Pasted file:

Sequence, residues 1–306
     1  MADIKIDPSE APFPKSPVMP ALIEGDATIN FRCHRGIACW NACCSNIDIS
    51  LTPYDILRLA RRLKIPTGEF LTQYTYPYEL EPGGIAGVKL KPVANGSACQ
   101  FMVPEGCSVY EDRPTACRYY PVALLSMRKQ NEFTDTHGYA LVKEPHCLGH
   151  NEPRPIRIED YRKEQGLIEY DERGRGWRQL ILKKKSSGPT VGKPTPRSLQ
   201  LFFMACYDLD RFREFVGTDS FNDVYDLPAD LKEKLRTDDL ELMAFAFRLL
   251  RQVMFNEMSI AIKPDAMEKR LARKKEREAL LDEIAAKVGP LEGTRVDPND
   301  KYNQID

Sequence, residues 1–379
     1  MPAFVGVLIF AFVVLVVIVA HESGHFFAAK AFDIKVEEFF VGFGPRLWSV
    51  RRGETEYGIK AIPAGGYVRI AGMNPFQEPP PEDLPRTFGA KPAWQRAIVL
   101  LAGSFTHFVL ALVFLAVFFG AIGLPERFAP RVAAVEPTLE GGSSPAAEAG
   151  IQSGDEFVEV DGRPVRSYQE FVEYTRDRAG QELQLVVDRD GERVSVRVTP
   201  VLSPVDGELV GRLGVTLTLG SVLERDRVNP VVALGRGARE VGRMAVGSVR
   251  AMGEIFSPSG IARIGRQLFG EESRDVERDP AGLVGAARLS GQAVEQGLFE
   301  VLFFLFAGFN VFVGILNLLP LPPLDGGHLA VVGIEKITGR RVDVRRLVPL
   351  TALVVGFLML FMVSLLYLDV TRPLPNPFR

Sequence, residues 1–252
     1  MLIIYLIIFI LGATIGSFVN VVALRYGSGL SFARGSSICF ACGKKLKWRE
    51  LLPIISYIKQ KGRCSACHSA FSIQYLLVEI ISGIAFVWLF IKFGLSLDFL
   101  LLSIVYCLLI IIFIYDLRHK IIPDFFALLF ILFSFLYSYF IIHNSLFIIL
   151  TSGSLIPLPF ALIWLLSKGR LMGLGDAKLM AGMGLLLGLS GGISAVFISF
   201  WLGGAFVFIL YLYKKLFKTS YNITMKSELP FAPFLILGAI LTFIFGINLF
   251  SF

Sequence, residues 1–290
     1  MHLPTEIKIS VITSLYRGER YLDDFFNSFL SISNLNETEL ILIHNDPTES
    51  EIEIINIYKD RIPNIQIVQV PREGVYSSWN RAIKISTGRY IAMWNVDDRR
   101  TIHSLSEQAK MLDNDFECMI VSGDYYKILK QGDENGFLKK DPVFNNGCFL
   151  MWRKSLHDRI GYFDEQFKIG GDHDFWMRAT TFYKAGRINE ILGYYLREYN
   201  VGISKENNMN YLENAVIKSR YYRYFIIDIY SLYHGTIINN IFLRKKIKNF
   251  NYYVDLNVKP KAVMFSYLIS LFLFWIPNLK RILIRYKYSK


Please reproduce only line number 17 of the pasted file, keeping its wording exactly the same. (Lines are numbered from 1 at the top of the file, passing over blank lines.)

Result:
   351  TALVVGFLML FMVSLLYLDV TRPLPNPFR